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“As our self-discipline increases, we discover that life can no longer defeat us. We move tranquilly under the protection of that Presence we know as the ECK, or Divine Spirit.”—Harold Klemp The Language of Soul

Self-discipline. This is one of the hardest things to master. When we discipline ourselves, it is NOT about what other people or society require of us—it is what we tell ourselves to do.

Managing ourselves is hard, particularly when examining bad habits. Habits like drinking too much, smoking too much, doing drugs, eating too much, not exercising enough, not sleeping enough, gossiping about other people, and the list goes on and on. To simplify this, it is about keeping promises to ourselves. If you tell yourself you want to exercise and then blow it off, this hurts us inside. It eats away at our inner core. It is like you are looking at yourself walking off a cliff and you cannot stop yourself. You know what you’re doing is harmful, but you just can’t stop. You must have another chew, another smoke, another drink, another candy bar, another bag of chips. You can’t stop talking about other people, you can’t get up on time, you can’t stop watching the television, or playing just one more video game.

It was quite a few years ago and I discovered a truism for myself. It was this:

“The moment you discover you cannot keep commitments you make with yourself is the day you discover you are absolutely fucked.” – Dave Gardner

This was my situation. At the time, I was overweight. I was in an unbelievably horrible position financially. My marriage was falling apart. My career was in the toilet. If anything could go wrong, it did. I think, in retrospect, that we cannot really grow or improve until we’ve hit this level of despair. We finally begin to understand that when life goes sour it is not because of outside circumstances in most cases. It is about what is going on inside of us. Our internal attitudes, the way we look at the world, our character, are what cause us the most pain.

I realize that some folks are hit with something that is unbelievably horrible. When I think about natural disasters, car accidents, crime, illness, and any other situation that comes out of nowhere and knocks us in the dirt, it is a different situation. Many people, because of their inner strength and self-discipline can pull themselves out of these things and continue to thrive. When you cannot trust yourself or do what you know you need to do—it is horrific.

Attitude has a lot to do with our lot in life. Victor Frankl was a Holocaust survivor. He witnessed his family systematically murdered by the Nazi regime. He experienced untold horrors at the hands of these animals. In light of this, he learned a great deal about himself in the camps. The one quote I came across that really stuck with me is here for your review:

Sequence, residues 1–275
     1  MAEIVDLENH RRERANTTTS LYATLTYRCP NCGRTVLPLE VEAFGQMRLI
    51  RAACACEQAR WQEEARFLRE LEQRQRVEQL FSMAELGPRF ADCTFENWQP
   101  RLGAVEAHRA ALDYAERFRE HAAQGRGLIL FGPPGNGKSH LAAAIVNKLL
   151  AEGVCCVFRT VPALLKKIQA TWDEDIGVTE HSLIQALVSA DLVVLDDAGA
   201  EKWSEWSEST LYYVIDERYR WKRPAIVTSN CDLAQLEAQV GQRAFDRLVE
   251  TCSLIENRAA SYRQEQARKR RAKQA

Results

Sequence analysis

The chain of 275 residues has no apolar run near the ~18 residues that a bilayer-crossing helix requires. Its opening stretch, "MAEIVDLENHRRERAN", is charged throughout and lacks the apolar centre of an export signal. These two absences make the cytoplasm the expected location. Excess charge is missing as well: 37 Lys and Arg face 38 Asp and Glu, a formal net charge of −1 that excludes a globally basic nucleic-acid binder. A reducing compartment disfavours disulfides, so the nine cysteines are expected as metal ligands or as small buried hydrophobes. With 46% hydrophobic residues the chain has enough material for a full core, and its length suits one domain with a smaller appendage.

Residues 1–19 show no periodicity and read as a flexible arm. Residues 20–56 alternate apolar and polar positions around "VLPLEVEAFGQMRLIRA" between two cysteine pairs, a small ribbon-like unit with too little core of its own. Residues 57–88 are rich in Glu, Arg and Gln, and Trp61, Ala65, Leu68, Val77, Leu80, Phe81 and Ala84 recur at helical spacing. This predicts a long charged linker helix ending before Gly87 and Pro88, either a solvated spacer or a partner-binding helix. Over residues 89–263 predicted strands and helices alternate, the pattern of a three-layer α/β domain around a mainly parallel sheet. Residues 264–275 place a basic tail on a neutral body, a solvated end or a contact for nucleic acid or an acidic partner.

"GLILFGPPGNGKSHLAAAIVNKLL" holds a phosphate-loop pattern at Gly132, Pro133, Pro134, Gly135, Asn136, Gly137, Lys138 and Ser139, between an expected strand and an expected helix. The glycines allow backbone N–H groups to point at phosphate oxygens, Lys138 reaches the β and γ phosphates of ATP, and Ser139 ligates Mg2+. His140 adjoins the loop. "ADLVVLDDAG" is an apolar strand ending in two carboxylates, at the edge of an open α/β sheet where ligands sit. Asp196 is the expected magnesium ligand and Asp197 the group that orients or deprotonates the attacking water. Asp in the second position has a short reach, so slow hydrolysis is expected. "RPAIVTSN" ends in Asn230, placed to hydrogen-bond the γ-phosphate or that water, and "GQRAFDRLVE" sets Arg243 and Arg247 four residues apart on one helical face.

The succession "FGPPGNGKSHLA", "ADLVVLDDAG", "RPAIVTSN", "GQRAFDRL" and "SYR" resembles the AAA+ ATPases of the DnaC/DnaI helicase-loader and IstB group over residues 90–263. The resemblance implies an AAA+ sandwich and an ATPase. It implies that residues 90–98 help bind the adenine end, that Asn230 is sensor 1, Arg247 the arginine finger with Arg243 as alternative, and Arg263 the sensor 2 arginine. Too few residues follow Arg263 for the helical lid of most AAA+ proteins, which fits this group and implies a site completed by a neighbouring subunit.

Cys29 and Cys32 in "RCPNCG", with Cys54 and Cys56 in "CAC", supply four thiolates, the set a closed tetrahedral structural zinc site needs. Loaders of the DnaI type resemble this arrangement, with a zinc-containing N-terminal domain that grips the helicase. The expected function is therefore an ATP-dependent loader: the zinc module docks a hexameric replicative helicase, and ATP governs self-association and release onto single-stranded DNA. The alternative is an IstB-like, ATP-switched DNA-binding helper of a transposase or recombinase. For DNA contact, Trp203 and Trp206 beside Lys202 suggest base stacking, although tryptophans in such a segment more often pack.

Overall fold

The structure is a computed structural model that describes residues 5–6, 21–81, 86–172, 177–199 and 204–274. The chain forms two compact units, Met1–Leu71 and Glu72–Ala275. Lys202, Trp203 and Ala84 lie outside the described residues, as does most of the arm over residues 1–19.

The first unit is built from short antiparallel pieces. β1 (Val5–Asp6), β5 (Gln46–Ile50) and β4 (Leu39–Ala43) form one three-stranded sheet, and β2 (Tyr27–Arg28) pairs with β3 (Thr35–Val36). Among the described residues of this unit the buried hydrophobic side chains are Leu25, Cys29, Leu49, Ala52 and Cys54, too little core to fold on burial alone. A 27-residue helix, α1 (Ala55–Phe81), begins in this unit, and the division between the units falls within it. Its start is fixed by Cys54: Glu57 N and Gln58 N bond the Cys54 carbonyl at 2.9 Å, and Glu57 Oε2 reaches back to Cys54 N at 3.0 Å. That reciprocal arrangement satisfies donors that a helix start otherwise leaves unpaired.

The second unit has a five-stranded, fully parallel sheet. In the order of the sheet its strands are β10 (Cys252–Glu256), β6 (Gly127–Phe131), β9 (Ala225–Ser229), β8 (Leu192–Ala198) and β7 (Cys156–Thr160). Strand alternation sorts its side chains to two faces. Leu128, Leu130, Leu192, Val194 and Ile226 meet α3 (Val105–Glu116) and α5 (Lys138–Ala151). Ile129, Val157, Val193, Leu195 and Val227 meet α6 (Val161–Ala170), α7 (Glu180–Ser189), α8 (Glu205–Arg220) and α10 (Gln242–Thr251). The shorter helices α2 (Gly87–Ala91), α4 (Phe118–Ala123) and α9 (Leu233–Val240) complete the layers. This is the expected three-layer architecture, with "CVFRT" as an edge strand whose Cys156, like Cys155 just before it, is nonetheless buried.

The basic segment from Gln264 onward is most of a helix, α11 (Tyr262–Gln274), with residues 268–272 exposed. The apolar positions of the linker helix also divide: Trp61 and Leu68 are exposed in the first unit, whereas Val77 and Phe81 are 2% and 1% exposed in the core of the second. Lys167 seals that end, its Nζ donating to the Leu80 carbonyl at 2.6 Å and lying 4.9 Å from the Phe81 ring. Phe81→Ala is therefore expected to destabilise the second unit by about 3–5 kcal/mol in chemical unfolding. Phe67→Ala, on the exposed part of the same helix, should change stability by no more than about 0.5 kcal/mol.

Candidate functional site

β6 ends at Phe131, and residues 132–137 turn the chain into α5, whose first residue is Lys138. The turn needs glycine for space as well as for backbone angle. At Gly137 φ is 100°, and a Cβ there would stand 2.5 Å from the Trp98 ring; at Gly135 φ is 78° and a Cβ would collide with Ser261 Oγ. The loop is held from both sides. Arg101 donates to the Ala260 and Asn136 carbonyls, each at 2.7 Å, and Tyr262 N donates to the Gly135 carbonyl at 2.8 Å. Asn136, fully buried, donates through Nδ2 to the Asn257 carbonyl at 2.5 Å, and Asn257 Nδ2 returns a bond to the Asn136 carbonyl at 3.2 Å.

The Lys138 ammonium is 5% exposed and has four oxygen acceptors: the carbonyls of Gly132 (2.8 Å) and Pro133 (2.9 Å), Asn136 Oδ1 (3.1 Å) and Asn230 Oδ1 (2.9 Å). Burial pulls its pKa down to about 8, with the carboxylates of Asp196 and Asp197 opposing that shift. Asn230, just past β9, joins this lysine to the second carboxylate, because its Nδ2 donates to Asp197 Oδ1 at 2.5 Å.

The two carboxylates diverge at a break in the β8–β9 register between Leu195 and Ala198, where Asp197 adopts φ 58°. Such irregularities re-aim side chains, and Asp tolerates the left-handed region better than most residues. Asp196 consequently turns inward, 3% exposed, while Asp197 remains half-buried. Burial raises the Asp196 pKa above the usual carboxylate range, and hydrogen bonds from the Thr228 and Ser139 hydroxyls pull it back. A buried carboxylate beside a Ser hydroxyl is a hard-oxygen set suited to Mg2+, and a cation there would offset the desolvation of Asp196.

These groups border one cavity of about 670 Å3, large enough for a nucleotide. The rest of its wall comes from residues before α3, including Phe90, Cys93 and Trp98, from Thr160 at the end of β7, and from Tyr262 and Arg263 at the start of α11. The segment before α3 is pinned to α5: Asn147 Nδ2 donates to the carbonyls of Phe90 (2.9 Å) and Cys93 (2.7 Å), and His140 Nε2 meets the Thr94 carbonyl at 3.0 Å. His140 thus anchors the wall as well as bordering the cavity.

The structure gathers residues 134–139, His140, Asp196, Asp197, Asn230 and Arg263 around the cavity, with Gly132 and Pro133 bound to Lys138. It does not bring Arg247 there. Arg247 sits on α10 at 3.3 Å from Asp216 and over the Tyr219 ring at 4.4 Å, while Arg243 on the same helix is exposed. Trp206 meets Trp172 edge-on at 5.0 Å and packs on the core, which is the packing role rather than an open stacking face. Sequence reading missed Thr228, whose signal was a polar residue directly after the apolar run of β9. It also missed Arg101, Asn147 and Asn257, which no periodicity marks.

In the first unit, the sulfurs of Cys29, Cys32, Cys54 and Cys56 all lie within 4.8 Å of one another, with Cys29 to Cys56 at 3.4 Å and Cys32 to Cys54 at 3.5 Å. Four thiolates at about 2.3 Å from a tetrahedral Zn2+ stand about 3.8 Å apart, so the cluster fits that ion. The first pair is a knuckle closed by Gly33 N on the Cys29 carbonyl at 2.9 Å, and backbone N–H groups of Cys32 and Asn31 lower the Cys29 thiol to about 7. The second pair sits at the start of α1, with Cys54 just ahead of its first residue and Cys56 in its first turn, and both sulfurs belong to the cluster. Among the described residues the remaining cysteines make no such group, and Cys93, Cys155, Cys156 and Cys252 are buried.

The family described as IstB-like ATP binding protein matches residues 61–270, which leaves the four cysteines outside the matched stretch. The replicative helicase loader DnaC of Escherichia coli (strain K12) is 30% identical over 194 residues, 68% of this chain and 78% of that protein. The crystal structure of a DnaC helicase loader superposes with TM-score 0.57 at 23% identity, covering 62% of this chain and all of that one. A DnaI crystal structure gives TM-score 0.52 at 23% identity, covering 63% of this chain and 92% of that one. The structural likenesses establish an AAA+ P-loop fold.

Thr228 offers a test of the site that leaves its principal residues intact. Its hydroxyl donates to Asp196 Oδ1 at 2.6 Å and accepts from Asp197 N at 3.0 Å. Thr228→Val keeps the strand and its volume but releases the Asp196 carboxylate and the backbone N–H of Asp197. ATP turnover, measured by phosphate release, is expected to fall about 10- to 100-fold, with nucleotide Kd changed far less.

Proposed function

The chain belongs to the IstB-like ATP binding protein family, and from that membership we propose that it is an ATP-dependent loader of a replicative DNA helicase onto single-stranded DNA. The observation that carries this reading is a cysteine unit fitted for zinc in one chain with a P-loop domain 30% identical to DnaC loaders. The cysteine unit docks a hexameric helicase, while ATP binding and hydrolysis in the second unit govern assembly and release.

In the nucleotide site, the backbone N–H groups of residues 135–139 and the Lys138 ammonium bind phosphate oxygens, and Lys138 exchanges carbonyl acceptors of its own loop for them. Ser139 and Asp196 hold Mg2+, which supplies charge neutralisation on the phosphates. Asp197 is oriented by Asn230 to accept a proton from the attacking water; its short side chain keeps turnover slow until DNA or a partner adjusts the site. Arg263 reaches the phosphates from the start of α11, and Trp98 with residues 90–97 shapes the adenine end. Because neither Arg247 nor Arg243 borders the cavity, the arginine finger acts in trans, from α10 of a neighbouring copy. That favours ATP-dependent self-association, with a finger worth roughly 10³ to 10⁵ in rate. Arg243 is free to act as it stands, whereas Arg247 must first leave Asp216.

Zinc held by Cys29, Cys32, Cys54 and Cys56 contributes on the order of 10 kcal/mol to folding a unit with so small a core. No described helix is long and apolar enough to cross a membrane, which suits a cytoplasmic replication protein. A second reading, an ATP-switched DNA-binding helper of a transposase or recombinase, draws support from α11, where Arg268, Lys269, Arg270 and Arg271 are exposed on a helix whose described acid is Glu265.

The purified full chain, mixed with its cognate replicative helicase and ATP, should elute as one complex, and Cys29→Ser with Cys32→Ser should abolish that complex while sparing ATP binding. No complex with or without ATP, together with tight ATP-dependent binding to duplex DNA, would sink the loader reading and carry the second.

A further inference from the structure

“Between stimulus and response, there is a space. In that space is our power to choose our response. In our response lies our growth and our freedom.” – Victor Frankl

Our attitude has a lot to do with self-discipline. The way we interpret the world is filtered by our attitude. If we believe we are a victim, we will assume that everyone is out to get us. We will look outside of ourselves to blame circumstances on our lot in life.

Let’s return to the statement I made about natural disasters, car accidents, and other items of chance that happen in our lives through no fault of our own (in most cases). One person will look at it and blame God, the universe, or wallow in self-pity. Another person will not blame anyone, accept the situation for what it is and get on with their life.

When I began to realize that my attitude and my ability to control myself were responsible for my lot in life, I began to change the way I looked at things. This was not a quick fix. It took a lot of pain, suffering, and time to get through all the problems I had created for myself.

I began to set little goals for myself. I felt if I could begin rebuilding trust in myself I could pull myself out of the pit I created. I started by getting up at a certain time and making my bed. Then I began exercising. Not a lot of exercise, mind you, but exercise. I began eating right. I called creditors and set up payment plans I could handle. I got a physical and went to the dentist. I began reading my Bible and praying regularly.

I began small. I set little commitments and kept them. After a while, I began to increase my personal commitments to challenge my new-found discipline. Sometimes I slipped and fell. I picked myself right back up and re-committed. I kept going. I began to realize that I could not lose if I kept going. Each time I slipped in my self-discipline, I forgave myself, got up, and started again. This was another major learning event for me. I realized another truism:

“You can’t lose if you don’t quit.” – Dave Gardner

What is the moral of the story? We are responsible. We choose how we respond to outside events. We reap what we sow. We can recover from despair and bad situations. We can overcome our weaknesses and rise again. Our internal character, self-discipline, and attitudes are what create our external realities.

Until next time…